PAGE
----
Thailand's new government yesterday unveiled a 316 billion baht (S$14.2 billion) plan to stimulate the country's economy, which posted its slowest growth in nearly five years in the second quarter.
The package of incentives, which has been approved by the Cabinet, includes subsidies for farmers, cash handouts for low-income earners and money for domestic travellers.
Thais will get 1,000 baht each in their registered electronic wallets between Sept 27 and Nov 30 this year to spend when visiting parts of the country outside their home provinces.
On top of that, they will get a 15 per cent rebate on up to 30,000 baht in hotel accommodation, food and shopping costs.
In all, they can get a maximum cashback payment of 4,500 baht, said government spokesman Narumon Pinyosinwat.
Also, visa fees for tourists from 18 countries will be waived for another six months, until April next year.
Low-income earners will each receive 500 baht a month via the government's welfare cards.
In agriculture, Thailand's four million rice-farming households will each receive 500 baht per 1,600 sq m of farmland in the light of the worst drought in a decade.
Another boost for farmers is that interest will be cut to 0.1 per cent for one year for loans of up to 300,000 baht taken from the government-owned Bank for Agriculture and Agricultural Cooperatives.
Thailand's economy has been flagging owing to weaker domestic demand, and slowing export and tourism activities.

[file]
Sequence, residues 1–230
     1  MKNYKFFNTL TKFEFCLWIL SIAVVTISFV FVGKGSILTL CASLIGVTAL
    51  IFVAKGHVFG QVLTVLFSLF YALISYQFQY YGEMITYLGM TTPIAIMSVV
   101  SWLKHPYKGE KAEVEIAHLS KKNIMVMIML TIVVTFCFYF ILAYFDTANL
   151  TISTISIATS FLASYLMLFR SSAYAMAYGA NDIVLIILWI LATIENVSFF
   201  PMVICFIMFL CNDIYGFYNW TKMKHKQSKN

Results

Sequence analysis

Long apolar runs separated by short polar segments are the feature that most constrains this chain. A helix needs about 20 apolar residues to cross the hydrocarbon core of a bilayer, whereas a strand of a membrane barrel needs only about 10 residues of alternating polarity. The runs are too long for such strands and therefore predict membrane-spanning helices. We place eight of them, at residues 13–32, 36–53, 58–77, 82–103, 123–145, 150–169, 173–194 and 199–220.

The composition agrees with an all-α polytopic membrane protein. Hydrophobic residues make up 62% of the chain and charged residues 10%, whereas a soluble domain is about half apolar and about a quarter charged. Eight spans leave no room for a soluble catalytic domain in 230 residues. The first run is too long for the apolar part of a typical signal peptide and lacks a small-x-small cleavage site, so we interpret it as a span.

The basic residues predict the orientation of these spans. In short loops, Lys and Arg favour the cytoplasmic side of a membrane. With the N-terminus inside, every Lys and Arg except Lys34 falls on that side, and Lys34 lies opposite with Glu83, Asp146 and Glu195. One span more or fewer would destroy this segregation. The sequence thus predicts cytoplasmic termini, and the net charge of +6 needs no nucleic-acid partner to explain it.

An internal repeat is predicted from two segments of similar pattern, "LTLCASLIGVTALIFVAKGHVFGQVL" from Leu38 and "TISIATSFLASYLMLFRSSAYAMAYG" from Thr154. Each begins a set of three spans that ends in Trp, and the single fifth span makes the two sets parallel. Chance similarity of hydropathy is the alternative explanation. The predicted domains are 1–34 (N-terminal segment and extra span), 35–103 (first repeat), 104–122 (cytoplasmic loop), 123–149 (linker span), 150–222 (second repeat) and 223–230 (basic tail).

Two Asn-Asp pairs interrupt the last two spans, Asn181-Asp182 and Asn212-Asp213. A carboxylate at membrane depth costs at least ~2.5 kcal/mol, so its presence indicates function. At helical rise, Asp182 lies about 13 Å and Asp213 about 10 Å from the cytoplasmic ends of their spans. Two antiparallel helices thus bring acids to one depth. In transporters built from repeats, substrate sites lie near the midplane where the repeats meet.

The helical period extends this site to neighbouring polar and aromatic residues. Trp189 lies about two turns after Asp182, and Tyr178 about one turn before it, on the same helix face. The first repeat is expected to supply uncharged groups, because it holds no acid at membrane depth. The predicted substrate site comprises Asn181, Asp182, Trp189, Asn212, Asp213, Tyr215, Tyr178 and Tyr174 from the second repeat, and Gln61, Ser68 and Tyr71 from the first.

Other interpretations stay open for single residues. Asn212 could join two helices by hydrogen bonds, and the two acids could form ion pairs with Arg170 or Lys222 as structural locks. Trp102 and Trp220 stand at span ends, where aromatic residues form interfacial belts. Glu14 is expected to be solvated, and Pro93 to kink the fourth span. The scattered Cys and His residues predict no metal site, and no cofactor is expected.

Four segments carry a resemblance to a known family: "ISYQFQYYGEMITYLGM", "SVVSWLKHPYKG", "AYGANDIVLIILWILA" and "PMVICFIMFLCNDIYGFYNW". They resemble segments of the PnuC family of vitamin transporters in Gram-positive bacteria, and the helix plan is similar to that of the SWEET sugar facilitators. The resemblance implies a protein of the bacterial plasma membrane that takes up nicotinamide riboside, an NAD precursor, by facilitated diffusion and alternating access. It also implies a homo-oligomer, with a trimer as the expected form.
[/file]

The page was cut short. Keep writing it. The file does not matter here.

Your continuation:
Its gross domestic product (GDP) growth in the second quarter was 2.3 per cent, down from 2.8 per cent in the first quarter, according to the country's National Economic and Social Development Council.
The continued slide has prompted several agencies to downgrade their 2019 growth forecasts.
In June, the Bank of Thailand cut its forecast to 3.3 per cent from 3.8 per cent, while the World Bank trimmed its earlier prediction from 3.9 per cent to 3.8 per cent.
On Monday, CGS-CIMB Securities, a financial service provider in Asia, slashed its 2019 projection to 2.7 per cent but maintained its 2020 figure at 3.2 per cent in anticipation of the effects of the newly launched stimulus package.
Thailand's exports, accounting for 68 per cent of GDP, are bearing the brunt of the trade dispute between China and the United States.
Overall shipments declined 2.15 per cent year on year in June, while exports to China, Thailand's biggest trading partner, plunged 14.9 per cent.
The baht, one of the strongest currencies in Asia, and the weak yuan, which is at an 11-year low, not only affected Thai exports to China, but also the tourism industry.
The number of Chinese tourists, the biggest group of visitors to Thailand, dropped 8.89 per cent in the first quarter, compared with the same period last year.
Economist Somchai Pakapaswiwat said in an interview that the government stimulus measures could pull the GDP back to 3 per cent, but not more, as they are merely a "painkiller", not a remedy to the problem.